Low Vitamin D Levels May Be Detrimental in Leukemia

Researchers see faster disease progression, more death with vitamin D deficiency

THURSDAY, Nov. 18 (HealthDay News) -- Insufficient vitamin D levels in people with chronic lymphocytic leukemia/small lymphocytic lymphoma (CLL) appear to be associated with faster disease progression and a higher mortality rate, according to research published online Nov. 3 in Blood.

Tait D. Shanafelt, M.D., of the Mayo Clinic in Rochester, Minn., and colleagues tested 390 CLL patients for 25-hydroxyvitamin D plasma concentration and followed them over three years to evaluate the relationship of vitamin D levels with time-to-treatment (TTT) and overall survival (OS). They also followed an observation cohort of 153 untreated individuals with CLL for a median of 9.9 years.

In the first group, the researchers found that 30.5 percent of the patients were found to have insufficient vitamin D levels; after a median of three years, those with deficient vitamin D levels had a 66 percent greater risk of progressing and needing chemotherapy, and twice the risk of dying. In the observation group, 39.9 percent were found to have vitamin D deficiencies at time of diagnosis, and were significantly more likely to progress in their disease and to die.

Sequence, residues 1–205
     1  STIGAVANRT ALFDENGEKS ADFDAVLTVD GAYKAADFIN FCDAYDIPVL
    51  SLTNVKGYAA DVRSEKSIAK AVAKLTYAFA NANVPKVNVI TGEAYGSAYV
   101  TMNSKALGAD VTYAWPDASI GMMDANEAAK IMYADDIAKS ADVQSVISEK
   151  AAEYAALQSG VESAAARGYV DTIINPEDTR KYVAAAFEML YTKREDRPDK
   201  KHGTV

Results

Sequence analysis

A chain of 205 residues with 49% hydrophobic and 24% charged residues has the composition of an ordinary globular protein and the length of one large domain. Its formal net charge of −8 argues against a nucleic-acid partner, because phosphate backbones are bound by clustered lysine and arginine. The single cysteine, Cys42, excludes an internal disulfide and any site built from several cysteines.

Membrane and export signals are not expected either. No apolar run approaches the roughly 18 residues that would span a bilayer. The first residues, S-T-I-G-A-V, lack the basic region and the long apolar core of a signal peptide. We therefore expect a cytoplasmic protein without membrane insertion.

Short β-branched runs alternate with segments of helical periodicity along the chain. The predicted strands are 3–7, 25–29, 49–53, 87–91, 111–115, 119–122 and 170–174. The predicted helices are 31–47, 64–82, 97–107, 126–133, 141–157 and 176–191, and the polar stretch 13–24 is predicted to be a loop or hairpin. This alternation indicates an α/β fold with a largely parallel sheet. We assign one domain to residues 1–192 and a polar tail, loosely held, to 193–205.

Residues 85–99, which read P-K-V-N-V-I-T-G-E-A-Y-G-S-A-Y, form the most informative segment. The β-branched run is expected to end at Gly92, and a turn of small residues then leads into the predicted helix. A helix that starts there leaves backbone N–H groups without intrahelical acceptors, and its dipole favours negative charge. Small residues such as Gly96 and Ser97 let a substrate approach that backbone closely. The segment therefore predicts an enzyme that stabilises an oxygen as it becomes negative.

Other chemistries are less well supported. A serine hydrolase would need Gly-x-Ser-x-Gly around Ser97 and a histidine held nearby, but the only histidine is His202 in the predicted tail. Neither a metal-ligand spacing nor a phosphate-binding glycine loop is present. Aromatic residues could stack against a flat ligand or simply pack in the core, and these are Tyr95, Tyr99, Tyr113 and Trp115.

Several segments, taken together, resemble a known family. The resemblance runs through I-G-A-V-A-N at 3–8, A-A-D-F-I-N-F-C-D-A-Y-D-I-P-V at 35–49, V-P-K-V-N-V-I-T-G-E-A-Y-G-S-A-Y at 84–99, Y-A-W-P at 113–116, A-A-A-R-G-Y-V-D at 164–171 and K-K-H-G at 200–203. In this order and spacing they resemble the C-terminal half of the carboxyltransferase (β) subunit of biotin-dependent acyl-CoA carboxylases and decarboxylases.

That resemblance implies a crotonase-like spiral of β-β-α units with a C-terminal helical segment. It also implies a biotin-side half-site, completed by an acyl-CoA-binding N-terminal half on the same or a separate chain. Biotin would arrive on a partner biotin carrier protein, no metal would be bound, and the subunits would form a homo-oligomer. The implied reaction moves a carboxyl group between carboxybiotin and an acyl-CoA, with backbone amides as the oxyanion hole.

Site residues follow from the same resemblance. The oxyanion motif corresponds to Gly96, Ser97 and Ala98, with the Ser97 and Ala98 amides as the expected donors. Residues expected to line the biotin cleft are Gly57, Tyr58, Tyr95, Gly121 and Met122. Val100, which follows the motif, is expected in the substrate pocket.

"Vitamin D insufficiency is associated with inferior TTT and OS in CLL patients. Whether normalizing vitamin D levels in deficient CLL patients would improve outcome merits clinical testing," the authors write.

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